Black middle-class Britannia

Identities, repertoires, cultural consumption

By Ali Meghji

Black middle-class Britannia


  • eBook
  • Paperback

Book Information

  • Format: Hardcover
  • ISBN: 978-1-5261-4307-5
  • Pages: 192
  • Publisher: Manchester University Press
  • Price: £85.00
  • Published Date: October 2019
  • BIC Category: Sociology, Sociology, SOCIAL SCIENCE / Social Classes, SOCIAL SCIENCE / Discrimination & Race Relations, SOCIAL SCIENCE / Sociology / General, Society & social sciences / Social classes, Society & social sciences / Cultural studies, Society & social sciences / Ethnic minorities & multicultural studies, Society & social sciences / Sociology
  • Series: Racism, Resistance and Social Change


This book analyses how racism and anti-racism affects Black British middle-class cultural consumption. In doing so, it challenges the dominant understanding of British middle-class identity and culture as being 'beyond race'.

Paying attention to the relationship between cultural capital and cultural repertoires, Meghji argues that there are three modes of black middle-class identity: strategic assimilation, ethnoracial autonomous, and class-minded. Individuals within each of these identity modes use specific cultural repertoires to organise their cultural consumption. Those employing strategic assimilation draw on repertoires of code-switching and cultural equity, consuming traditional middle-class culture to maintain equality with the white middle-class in levels of cultural capital. Ethnoracial autonomous individuals draw on repertoires of 'browning' and Afro-centrism, self-selecting traditional middle-class cultural pursuits they decode as 'Eurocentric' while showing a preference for cultural forms that uplift black diasporic histories and cultures. Lastly, class-minded individuals draw on repertoires of post-racialism and de-racialisation, polarising between 'Black' and middle-class cultural forms. Black middle class Britannia examines how such individuals display an unequivocal preference for the latter, lambasting other black people who avoid middle-class culture as being culturally myopic or culturally uncultivated.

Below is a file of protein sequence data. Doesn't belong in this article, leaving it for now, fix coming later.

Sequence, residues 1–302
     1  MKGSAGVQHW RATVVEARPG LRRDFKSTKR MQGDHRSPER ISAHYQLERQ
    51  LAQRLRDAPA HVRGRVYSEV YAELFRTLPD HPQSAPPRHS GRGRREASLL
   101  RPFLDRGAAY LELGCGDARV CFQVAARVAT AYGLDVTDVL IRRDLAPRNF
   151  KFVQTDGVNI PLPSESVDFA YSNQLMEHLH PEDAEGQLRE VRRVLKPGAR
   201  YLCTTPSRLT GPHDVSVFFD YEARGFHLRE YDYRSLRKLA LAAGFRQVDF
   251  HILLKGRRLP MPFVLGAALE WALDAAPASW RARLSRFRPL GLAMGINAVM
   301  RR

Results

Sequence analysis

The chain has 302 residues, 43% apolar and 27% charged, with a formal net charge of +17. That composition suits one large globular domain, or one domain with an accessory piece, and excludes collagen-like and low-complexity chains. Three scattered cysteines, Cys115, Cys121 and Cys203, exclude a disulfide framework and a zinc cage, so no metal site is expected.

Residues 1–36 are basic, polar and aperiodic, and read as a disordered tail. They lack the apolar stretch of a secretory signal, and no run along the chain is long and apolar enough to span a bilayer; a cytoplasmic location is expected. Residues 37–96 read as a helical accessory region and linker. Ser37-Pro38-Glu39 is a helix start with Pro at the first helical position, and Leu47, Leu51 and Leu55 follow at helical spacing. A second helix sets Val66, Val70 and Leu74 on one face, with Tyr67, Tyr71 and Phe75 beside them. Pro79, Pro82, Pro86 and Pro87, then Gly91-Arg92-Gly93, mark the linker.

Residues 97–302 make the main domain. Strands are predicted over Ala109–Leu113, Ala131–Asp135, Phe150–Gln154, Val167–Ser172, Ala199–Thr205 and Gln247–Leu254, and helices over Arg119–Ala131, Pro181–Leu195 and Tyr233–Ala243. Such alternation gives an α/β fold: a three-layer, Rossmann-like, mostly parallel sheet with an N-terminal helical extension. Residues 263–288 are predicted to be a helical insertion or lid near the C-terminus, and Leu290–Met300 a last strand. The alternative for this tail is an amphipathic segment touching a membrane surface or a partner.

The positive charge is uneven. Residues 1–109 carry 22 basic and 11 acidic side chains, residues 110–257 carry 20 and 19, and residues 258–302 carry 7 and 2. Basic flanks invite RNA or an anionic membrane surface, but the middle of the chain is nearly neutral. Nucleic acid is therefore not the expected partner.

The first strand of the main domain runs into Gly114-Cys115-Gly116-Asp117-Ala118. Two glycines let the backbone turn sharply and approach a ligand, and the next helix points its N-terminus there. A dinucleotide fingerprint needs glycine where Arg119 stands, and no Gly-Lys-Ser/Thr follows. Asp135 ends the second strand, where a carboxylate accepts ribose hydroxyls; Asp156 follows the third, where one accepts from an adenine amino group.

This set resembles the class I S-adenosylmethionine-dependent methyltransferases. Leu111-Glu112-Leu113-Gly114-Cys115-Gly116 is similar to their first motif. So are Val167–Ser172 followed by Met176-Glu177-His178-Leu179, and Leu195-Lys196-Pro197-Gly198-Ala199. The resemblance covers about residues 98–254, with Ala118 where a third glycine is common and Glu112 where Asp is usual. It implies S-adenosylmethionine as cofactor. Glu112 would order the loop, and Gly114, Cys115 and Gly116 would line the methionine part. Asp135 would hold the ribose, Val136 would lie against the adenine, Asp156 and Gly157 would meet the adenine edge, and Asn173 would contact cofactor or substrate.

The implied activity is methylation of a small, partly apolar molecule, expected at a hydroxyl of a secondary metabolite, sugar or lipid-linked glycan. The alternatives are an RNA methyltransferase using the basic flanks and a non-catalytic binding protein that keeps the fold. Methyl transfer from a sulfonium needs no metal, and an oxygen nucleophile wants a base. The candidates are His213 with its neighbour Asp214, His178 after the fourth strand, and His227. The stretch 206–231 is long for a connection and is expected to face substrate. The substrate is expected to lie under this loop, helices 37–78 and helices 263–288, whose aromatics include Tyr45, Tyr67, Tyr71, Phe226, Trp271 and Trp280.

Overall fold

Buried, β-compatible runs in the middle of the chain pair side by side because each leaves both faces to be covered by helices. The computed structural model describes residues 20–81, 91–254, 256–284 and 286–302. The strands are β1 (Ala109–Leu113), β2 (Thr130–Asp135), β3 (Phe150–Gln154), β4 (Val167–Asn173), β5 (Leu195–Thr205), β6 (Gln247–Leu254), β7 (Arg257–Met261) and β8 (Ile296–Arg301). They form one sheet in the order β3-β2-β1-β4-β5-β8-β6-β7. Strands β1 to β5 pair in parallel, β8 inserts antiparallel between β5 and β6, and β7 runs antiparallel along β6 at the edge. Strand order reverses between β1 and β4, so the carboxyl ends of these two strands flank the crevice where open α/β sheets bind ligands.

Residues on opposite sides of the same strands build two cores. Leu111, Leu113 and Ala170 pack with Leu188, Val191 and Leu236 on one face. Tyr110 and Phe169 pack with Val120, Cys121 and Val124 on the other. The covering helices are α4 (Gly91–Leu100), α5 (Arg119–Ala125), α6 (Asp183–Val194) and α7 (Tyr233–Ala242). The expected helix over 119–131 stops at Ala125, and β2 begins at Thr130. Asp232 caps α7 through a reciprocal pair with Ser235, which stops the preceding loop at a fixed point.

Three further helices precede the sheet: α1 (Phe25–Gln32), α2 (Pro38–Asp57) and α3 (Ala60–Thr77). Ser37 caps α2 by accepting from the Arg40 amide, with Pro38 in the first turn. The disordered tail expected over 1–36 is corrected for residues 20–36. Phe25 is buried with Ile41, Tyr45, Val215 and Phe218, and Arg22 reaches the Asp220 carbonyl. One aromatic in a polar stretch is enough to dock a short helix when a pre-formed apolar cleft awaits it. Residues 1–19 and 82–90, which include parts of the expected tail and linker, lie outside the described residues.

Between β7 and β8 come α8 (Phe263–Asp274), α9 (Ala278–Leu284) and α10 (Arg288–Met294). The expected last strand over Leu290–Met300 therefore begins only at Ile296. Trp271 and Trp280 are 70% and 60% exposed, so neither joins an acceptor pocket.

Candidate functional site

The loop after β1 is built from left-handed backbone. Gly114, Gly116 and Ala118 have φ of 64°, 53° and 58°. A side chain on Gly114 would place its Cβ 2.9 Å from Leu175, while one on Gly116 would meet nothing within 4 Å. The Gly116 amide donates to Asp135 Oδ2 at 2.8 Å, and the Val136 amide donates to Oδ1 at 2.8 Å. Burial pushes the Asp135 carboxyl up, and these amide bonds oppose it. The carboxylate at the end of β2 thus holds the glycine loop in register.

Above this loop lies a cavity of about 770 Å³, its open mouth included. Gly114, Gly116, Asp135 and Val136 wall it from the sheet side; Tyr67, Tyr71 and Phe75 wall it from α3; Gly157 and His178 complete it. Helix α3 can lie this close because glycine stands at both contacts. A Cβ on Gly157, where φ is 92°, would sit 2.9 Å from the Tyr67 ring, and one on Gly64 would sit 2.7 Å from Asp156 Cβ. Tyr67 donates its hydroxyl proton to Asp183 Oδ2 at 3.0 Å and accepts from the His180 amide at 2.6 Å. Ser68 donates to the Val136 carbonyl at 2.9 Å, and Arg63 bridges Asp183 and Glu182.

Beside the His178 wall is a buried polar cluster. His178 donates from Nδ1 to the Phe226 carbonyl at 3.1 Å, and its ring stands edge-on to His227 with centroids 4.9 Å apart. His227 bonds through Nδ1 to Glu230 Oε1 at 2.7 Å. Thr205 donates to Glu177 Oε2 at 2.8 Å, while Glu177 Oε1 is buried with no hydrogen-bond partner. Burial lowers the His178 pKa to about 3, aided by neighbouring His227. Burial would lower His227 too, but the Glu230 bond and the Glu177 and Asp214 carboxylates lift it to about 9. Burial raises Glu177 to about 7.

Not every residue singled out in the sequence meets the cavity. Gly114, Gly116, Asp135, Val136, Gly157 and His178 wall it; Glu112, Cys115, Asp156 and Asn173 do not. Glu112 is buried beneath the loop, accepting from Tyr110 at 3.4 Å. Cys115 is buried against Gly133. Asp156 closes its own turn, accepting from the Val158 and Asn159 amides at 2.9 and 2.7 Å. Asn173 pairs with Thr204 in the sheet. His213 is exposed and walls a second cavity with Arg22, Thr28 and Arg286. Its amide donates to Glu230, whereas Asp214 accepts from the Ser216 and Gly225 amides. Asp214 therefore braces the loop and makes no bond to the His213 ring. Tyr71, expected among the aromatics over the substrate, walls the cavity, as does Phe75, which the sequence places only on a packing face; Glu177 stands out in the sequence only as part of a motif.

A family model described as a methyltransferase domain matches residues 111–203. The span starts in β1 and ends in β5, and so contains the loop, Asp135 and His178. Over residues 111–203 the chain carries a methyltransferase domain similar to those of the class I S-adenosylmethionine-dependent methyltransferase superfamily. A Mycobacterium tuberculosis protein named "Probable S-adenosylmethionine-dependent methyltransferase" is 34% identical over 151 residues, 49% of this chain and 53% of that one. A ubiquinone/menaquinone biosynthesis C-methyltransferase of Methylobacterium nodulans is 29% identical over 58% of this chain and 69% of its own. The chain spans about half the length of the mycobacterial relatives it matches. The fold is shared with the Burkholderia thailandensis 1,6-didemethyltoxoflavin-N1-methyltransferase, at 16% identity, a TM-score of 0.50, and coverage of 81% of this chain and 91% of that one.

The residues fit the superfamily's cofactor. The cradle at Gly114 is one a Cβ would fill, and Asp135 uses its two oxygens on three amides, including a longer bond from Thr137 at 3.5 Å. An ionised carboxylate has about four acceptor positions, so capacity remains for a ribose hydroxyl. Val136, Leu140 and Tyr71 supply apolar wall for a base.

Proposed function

'A tour de force with original arguments, empirical richness and theoretical ambition, all presented in a beautifully crafted written narrative.'
Les Back is a Professor of Sociology at Goldsmiths, University of London

'Black middle-class Britannia offers a fascinating portrait of race and class in contemporary London. Using the cultural world as a site to examine inequality, Ali Meghji shows how racial and class boundaries are both understood and navigated in varying ways depending on the identities of middle-class blacks. While some see the existence of middle class blacks as evidence that Britain is now color-blind, Black middle-class Britannia provides a timely and in depth counterpoint to this view.'
Patricia A. Banks, Associate Professor of Sociology, Mount Holyoke College


1 Introduction: Taking off the colourblind goggles: Crafting a study on Britain's Black middle class
2 Towards a triangle of Black middle class identity
3 White spaces: consuming traditional middle class Culture
4 Constructing and using Black cultural capital
5 Revisiting race and nation: double consciousness, Black Britishness, and cultural consumption
6 Race, class, and culture in the British racialised social system
Appendix: Building a reflexive case study of the Black middle class


Ali Meghji is a Lecturer in Social Inequalities in the Department of Sociology at the University of Cambridge

Newsletter Sign Up

Manchester University Press

Your cart is empty.

Select your shipping destination to estimate postage costs

(Based on standard shipping costs)

Final cost calculated on checkout
Promotional codes can be added on Checkout